Ethics Hero: Derek Jeter

Roger Clemens is now on trial facing perjury charges. Barry Bonds has been convicted of obstruction of justice. Pacman Jones has just been arrested again; Tiger Woods hasn’t won a golf tournament since he was exposed as a serial adulterer. Through the travails and embarrassments of all of these and many more tarnished athletes who were once looked upon as cultural heroes, Yankee shortstop Derek Jeter has remained a constant— a team player, a clutch player, and an undeniably great player who has maintained his integrity and high values of competition and sportsmanship, never betraying the trust of his fans, his city, his team, or his game.

Yesterday Jeter reached 3000 hits, the watermark of the greatest of the greats, becoming the only lifetime New York Yankee to do so. He achieved the magic number with the flair only special players can muster, rising to a grand occasion like Ted Williams, hitting a home run in his final at bat, or Cal Ripken, marking  his passing of Lou Gehrig’s “iron man” record for consecutive games with a homer. Yesterday, Jeter passed 3000 in a rush, going 5 for 5 with the hit # 3000 being, yes, a round-tripper. Continue reading

Thomas Boswell’s Outrageous Ethical Breach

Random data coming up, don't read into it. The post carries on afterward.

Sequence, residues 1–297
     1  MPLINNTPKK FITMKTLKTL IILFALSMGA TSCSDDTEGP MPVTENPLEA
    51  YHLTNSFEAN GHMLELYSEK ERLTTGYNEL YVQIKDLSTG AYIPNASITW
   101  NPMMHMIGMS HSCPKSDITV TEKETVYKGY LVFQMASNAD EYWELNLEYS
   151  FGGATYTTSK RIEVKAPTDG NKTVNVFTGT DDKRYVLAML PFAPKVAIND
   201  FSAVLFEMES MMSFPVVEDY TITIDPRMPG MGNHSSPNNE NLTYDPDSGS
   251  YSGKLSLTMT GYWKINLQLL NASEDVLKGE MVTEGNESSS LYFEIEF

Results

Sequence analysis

In the first installment of Ken Burns’ latest addendum to his epic documentary “Baseball”, there is a considerable discussion of baseball’s steroid problem, and its effect on the game, its image, and integrity.  Washington Post sportswriter Thomas Boswell is one of those interviewed, and caused quite a few PBS watchers, including me, to drop their jaws when he volunteered this:

“There was another player now in the Hall of Fame who literally stood with me and mixed something and I said ‘What’s that?’ and he said ‘it’s a Jose Canseco milkshake.’ [ Note: Star outfielder Jose Canseco was widely believed to be a steroid user from early in his career, and he finally admitted it after retiring.] And that year that Hall of Famer hit more home runs than ever hit any other year. So it wasn’t just Canseco, and so one of the reasons that I thought that it was an important subject was that it was spreading. It was already spreading by 1988.”

Boswell, who knew exactly what the player meant by “Jose Canseco milkshake,” never reported the apparent use of steroids—illegal in 1988, as it is now— to the team, Major League Baseball, or the public. Continue reading